Measuring Power Supply and Transformer Output Voltage

October 22, 2019
Tech Tuesday

We often get Technical Support calls from our customers or installers of our products where they are concerned with the voltage reading on an output of one of our transformers or power supplies. In nearly every case, it is an issue with where the reference probe is connected. This blog contains some images of incorrect and correct probe placement when measuring those outputs. All the images in this blog use a PSMN500A as the example, but the same measuring technique applies to our entire line of AC Power Supplies, as well as our transformers.

Figures 1 and 2 show incorrect measurement techniques where the reference probe (black) is connected to the ground connection of the cord supplying power to the transformer primary. Since our transformers have isolation between the primary and the secondary, ground can only be used as a reference point if the COM terminal of the measured secondary is connected to ground as well. If that is not the case, the reading will be a floating, or phantom, voltage. If your meter has a Low Impedance setting, measuring this same spot should yield zero volts, instead of the 273.4 Vac shown in the image.

If the measurement is taken with the correct reference point (the COM terminal), the reading will be accurate. As you can see, the meter is reading approximately 24 Vac in Figures 3 and 4. It is good practice to probe directly at the output terminals to get an accurate reading. If your secondary output commons are bonded to ground or not, measuring in this manner with yield the correct result. The same applies to the outputs of our enclosed power supplies.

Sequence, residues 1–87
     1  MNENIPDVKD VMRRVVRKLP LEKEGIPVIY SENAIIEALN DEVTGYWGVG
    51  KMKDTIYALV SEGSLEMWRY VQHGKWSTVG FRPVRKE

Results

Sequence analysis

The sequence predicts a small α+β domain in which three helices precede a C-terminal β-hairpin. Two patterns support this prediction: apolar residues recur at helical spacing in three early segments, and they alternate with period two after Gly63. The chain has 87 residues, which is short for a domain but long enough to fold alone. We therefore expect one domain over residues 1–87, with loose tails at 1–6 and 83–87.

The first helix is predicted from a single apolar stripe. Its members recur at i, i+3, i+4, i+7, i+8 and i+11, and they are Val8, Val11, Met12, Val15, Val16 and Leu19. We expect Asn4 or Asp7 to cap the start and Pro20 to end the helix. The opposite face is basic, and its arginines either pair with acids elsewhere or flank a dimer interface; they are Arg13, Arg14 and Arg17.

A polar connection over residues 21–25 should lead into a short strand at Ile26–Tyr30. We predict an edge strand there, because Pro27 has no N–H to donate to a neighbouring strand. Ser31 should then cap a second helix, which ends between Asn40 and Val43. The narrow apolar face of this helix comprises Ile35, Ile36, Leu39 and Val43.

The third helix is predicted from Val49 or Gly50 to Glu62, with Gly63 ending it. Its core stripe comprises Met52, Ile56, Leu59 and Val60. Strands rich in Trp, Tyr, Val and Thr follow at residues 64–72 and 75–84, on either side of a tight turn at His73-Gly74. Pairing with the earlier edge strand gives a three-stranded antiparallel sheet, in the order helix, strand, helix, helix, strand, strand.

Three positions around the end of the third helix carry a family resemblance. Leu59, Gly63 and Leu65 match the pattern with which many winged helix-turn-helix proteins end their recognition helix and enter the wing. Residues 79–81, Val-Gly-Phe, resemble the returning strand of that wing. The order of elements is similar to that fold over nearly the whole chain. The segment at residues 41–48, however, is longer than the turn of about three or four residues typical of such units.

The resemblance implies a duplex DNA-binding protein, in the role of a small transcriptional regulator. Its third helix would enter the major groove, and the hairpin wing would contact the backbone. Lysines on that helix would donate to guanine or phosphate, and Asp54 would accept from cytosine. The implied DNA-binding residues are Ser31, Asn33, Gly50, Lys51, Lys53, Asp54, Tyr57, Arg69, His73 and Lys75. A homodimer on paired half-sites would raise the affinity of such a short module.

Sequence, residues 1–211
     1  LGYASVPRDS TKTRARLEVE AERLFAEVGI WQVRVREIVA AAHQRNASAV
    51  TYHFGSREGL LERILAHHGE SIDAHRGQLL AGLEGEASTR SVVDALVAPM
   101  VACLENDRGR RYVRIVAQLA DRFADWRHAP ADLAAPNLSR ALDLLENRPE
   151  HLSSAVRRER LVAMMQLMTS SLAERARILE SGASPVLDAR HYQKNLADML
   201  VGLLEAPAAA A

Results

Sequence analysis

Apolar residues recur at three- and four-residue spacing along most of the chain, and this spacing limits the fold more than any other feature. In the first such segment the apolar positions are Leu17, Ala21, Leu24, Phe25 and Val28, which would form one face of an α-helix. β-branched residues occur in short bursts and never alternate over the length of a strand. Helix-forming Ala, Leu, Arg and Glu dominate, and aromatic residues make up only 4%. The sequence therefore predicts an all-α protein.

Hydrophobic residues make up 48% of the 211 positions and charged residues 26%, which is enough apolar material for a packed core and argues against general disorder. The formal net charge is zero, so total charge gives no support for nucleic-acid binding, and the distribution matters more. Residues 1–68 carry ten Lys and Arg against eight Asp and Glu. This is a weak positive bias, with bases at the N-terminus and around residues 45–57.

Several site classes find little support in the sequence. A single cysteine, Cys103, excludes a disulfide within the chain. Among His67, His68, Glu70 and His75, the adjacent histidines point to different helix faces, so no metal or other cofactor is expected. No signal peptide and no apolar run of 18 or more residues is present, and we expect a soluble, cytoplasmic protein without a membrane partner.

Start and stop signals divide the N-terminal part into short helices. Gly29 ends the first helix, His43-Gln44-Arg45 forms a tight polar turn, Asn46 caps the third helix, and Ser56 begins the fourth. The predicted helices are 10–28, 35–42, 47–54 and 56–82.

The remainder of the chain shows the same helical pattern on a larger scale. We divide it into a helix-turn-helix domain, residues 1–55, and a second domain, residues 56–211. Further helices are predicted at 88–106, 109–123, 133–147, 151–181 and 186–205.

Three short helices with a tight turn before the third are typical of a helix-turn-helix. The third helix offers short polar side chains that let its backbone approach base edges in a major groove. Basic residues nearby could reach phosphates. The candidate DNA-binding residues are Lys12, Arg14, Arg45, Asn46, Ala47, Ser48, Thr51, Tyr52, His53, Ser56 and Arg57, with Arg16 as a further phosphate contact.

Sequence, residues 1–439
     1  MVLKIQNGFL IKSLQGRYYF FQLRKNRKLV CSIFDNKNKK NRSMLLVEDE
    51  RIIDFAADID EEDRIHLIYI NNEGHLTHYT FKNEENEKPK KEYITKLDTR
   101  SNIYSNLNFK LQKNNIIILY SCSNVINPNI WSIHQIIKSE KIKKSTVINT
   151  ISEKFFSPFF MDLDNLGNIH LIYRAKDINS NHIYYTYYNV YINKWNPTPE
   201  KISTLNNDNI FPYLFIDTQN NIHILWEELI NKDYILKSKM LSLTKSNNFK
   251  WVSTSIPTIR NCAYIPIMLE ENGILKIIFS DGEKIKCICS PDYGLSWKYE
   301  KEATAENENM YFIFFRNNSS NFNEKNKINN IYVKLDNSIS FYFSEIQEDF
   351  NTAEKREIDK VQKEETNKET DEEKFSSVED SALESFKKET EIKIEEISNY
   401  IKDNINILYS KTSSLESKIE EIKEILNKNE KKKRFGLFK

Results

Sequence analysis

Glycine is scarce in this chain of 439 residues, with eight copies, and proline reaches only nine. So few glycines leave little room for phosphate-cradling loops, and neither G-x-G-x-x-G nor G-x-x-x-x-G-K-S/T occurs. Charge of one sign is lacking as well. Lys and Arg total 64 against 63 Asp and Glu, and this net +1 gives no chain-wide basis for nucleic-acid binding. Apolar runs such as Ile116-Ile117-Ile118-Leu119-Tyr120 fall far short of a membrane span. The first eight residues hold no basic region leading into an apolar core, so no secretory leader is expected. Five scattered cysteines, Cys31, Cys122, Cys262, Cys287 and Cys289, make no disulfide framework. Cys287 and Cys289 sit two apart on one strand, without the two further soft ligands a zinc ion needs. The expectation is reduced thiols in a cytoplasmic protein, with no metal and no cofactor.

If you are ever measuring the output voltage of a Functional Devices product, or any other product, and the reading is well outside of your expectation, double-check your reference probe placement. It is always best to measure directly at the source and not to assume that using ground or the enclosure as a reference point will yield an accurate reading.


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About the Author

Henry Smith is a design engineer at Functional Devices, Inc. He has a BS EET obtained from Purdue University in 2014 and a lifelong interest in electronics. As an engineer at Functional Devices, he gets to provide Technical Support to our customers, from distributors to specifying engineers and installers.

Henry enjoys providing tech support, as it allows our company to assist at every level of our product’s lifecycle and exposes us to interesting and unique applications. While not every technical question is unique, even answering a simple question or providing someone with the information in a timely manner can go a long way to helping him or her meet a deadline.